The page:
How many have added it to their own milieus, deemed it relevant enough to be visible in theirworlds. How many have passed it and not really seen it. Or like waking from sugarcanes and coconuts, have seen it only for the first time.

There will be more rides to the North. Each time, I notice more grime than the last. But also, more poetry.

To handle places and relationships perhaps, one must find the beauty in redundancy. And looking past it, realize there is no such thing.

Love Advice from the Carenderia

“Now you’re ready to get married, Inday”, she smiles toothily. Her brown hands inspect the malunggay leaves I had carefully handpicked, searching for stray inedible branches. She had skillfully picked through her bunch, no sooner building a pile of greens on her plate. I plucked through mine one by one.

Handpicking malunggay was a sweaty task. The leaves were as soft as rose petals, as small as a pinkie nail. They clumped on my hand, salt and soil from the palm adding flavor.

But Nang was patient to those whose hands have never known domesticity. Her makeshift hut, where she sold food to tourists, opened to a garden by a cliff. She decides to get a few more ingredients from there. The soup had to be ready for lunch in time to feed customers. But no rush, no rush, she tells me.

When she returns, she hands me water from a gallon-sized bottle. “Fresh from the waterfalls.” she says, and smiles that toothy smile. I drank. I had visited the Falls earlier. Katibawasan, they called it, a combined name of a primeval hunter and his wife. I hadn’t thought of drinking from it then. But she prods so enthusiastically, it felt like she offered more than water.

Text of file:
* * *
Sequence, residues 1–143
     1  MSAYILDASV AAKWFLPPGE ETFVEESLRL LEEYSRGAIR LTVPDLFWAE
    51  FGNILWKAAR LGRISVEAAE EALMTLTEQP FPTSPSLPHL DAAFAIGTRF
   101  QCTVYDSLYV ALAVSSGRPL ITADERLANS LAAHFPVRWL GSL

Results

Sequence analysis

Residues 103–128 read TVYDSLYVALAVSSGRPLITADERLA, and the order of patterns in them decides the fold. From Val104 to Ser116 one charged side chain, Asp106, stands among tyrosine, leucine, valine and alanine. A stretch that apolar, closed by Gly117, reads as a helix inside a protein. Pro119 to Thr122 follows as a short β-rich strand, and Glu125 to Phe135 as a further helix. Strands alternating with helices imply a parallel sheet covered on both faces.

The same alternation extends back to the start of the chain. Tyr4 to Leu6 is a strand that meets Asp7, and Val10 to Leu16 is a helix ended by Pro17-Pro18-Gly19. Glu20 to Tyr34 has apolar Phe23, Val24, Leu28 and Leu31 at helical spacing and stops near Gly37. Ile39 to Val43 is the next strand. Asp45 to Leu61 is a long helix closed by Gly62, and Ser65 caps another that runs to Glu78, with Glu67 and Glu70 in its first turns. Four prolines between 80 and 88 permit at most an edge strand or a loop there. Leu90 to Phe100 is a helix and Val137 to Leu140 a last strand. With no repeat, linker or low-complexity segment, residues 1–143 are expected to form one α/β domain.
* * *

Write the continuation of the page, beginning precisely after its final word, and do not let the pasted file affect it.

Nang positions her plump body beside me and leans over to get from the unpicked bunch. There is a technique to handpicking, she demonstrates. A soft assertive tug at the base of the branch, so leaves can easily separate from their stems. I tried. The leaves came down in a messy, wrinkled bundle. I went back to picking them piece by piece.


“My two kids lived on this. So did my husband when we started. Poor man’s soup.” she says, for malunggay grew everywhere, and most of the time, it grew without care. Her soft paunch beneath the spaghetti straps and baggy shorts, I noticed, revealed her motherhood. Her flabby arms start to ready the wood-fired stove. She drops ingredients to the broth: onions, tomatoes, squash, dried fish.

“ Pang-enganyo man pud ni.”, she says in passing. But in Camiguin, it seems, a plant is never just a plant. A vendor passing by tried to sell a shrub that, he said, cured 99 diseases. The malunggay is no exception. The leaves were left for last. So as not to overcook them, Nang advised.  Her pile made a mountain. Mine was still a molehill on the plate. But the broth was starting to simmer. So, Nang unceremoniously takes the remaining branches from me and cleaned the leaves off effortlessly.

When her first customer arrived, asking for soup, I watched the fellow clean off the bowl.

“She helped make that, you know?”, Nang says beamingly, pointing to me.

“I see.” the fellow says. “Mao diay daghan kaayong bukog nabilin.”

After he leaves, I asked this wife and mother half-jokingly, “I’m ready to get married, yes?”

She makes a nonchalant gesture in the air.

“Oh, you shouldn’t hurry those things.”

*Appeared originally in SunStar Cebu

Traveler or Tourist?

While winding through Benguet’s cliff-wedged roads, a familiar accent booms from the back of the bus. It does not have the soft guttural tone of the Manileño or the fast-paced manner of the Igorot. No, no, it is clearly Cebuano with the hard drop of the tongue followed by a distinct cackle. The rest of the passengers are soundless. In high altitude, it is an effort to stay awake, let alone converse. But he is clearly a party of one, this man, and the phone call he is taking must come from across the archipelago. How else to explain the volume of his broadcast. After 30 minutes of tuning in, he ends the conversation with a statement that I will mull over for months.